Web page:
Dewatering Filter Tubes
Aquaculture Wastewater Processing Solutions
Dewatering filter tubes provide a simple, proven, and economical solution for the treatment of aquaculture wastewater. Geotextile tubes are an effective way to filter the wastewater that aquaculture produces, containing the untreated wastewater while separating the clear effluent. Dewatering filter tubes offer a range of useful benefits in the filtration of wastewater by saving space, time, cost, and increased effectiveness.
Benefits of Dewatering Aquaculture Wastewater
Geotextile dewatering filter tubes provide a host of benefits as an effective component of your aquaculture wastewater treatment system:
- Save Space. Our Geotextile Tubes for wastewater (aquaculture) are available in lengths up to 200 feet, with choices of diameter of between 15 to 90 feet. Available in standard sizes, we can also customize the size to easily fit just about any location's unique space requirements. For projects processing a smaller volume of filtrates, consider dewatering bags.
- Cost Efficient. Geotextile dewatering filter tubes are a practical and economical component of an aquaculture wastewater processing.
- Maximize Return. Turn wastewater byproduct into an additional profit stream, or repurpose it for greater efficiency on your farm. Dewatered aquaculture effluent (clear water, separated from the solids) can be captured for reuse with the use of containment berms and liquid storage tanks. It's also gaining popularity as a fertilizer for aquaponics and land based agriculture. Waste aolids are neatly contained within the dewatering filter tube for disposal, repurposing, or incineration.
- Meet Compliance Requirements. Avoid costly fines by using dewatering tubes to filter contaminants as an important part of an aquaculture wastewater processing system.
How Dewatering Filter Tubes Work in Treating Aquaculture Wastewater
The dewatering process can be used for either fresh or salt water aquaculture farming. It simplifies the recirculation process and greatly reduces nutrient loading. The majority of the solids are contained in the dewatering process when using dewatering filter Tubes.
While the process for using a dewatering filter tube is simple, it is important that the specific requirements and needs of your project are taken into consideration. Elements that can help us in determining the right fabrics, design and geotextile tube construction for your dewatering project:
- What type of wastewater (aquaculture) will be processed?
- Are there specific requirements/regulations as part of your local permitting process?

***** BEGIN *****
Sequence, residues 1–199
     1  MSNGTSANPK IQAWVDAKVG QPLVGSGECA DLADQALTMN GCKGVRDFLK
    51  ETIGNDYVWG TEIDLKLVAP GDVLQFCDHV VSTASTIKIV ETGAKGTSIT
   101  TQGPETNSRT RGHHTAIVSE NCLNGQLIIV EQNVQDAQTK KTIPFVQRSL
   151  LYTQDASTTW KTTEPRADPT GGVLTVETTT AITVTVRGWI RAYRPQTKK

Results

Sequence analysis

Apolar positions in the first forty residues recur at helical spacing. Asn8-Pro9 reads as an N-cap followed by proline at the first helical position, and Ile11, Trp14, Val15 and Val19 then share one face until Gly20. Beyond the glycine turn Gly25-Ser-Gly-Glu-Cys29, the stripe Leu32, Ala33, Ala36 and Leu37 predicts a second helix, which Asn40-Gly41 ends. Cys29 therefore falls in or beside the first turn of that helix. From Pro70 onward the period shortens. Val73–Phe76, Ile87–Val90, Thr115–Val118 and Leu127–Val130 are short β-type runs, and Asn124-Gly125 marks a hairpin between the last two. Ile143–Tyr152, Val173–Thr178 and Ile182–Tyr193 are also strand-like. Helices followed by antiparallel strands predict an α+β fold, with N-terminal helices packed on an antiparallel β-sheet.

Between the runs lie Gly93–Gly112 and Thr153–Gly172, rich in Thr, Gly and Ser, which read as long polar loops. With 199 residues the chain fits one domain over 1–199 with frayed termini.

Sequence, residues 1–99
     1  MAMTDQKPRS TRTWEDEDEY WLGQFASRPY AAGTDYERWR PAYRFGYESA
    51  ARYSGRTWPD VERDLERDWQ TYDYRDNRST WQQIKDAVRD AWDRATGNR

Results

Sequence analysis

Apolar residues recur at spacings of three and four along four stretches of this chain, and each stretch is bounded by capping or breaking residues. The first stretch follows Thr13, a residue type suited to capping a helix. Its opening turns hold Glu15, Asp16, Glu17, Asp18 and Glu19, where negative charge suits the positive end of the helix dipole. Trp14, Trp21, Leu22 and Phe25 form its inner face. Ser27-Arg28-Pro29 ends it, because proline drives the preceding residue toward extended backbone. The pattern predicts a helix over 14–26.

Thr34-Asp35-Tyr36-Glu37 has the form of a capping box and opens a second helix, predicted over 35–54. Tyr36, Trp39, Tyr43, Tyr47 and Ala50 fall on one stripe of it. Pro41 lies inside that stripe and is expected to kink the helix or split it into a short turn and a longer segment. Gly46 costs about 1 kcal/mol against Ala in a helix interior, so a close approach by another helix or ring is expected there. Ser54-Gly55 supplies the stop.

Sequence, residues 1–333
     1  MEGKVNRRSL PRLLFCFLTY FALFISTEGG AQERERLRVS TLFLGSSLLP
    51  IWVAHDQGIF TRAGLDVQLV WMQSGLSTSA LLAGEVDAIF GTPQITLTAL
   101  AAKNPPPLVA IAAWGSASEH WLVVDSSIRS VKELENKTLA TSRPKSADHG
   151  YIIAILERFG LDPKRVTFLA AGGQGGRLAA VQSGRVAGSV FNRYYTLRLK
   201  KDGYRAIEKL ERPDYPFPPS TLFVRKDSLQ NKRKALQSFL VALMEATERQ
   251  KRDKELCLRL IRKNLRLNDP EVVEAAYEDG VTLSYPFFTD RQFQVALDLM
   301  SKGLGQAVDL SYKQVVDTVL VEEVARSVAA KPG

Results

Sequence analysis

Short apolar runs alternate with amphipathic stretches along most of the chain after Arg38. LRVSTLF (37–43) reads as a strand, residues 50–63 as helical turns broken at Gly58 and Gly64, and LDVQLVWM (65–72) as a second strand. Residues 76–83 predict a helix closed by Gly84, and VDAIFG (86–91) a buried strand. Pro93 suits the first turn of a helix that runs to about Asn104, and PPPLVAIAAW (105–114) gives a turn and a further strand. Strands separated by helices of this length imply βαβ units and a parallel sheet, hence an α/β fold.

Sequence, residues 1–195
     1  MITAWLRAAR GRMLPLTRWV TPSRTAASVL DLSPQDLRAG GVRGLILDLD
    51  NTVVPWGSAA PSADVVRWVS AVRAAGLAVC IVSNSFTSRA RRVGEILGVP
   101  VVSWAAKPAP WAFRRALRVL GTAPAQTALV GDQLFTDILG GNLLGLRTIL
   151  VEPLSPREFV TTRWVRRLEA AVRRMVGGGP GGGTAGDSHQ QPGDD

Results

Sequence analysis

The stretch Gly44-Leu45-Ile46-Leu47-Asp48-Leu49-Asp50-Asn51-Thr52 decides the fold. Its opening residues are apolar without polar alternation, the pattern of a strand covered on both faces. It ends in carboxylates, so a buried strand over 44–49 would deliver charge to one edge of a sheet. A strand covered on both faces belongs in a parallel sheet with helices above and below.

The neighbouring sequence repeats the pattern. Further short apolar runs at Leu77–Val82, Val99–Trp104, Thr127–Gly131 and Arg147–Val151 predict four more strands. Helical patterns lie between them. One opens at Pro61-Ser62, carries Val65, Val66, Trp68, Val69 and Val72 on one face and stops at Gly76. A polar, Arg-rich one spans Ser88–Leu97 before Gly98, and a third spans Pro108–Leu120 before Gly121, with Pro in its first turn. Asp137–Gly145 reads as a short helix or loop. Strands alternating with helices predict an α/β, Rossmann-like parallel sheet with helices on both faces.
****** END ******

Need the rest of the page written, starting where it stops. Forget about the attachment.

- What is the expected output rate for the wastewater from the aquaculture process?
- Do you have an expected flow rate for the effluent (clear water)?
- What do you plan to do with the effluent? How will you capture it? Do you need a holding tank?
- What do you plan to do with the waste solids?
- Are there any space or environmental concerns in the location where you plan to place the dewatering filter tube?
Using an Aquaculture Wastewater Processing System
Step 1: Identify the best location for your dewatering filter tube. Consider the lay of the land and select a relatively flat area, as tubes placed on inclines can be unstable and risk damage to personnel and equipment. If planning to relocate the tube once filled, plan for how you'll access the geotextile tube for loading and transportation.
Step 2: Install the geotextile dewatering filter tubes, following specifications and GEI Works Installation Instructions.
Note: Should you need on-site assistance, we have a mobile team that's available world-wide to assist in the installation of our dewatering filter tubes with your aquaculture wastewater processing system.
Step 3: If using polymers or flocculants, place the appropriate type for your wastewater mix in the geotextile tube before filling it. (Polymers/flocculants help the suspended solids coagulate and more quickly separate from the water. They are designed specifically to attract the type of material that is to be separated from the aquaculture wastewater.)
Step 4: The dewatering process will start immediately once the process water enters the tube, with clear water (effluent) seeping through the pours of the geotextile tube's fabric. The type of contaminants in the water will determine what (if any) additional processing is needed for discharge (or reuse) of the dewatered aquaculture effluent.
Note: If planning to reuse the aquaculture wastewater processing effluent, we recommend using a secondary containment berm by GEI Works to conveniently and cleanly capture the clear water.
Step 5: Monitor the tube periodically to prevent overfilling. Once the dewatering filter tube has reached capacity, it should be disconnected, with the piping reconnected with the next geotextile tube.
Common Aquaculture Dewatering Applications
- Hatcheries (Fresh & Salt Water) – Recirculation Waste Removal
- Pond Dredging
- Fish Farming Management (See: Fish Management Techniques)
- Hydroponic Agriculture Use of Dewatered Aquaculture Effluent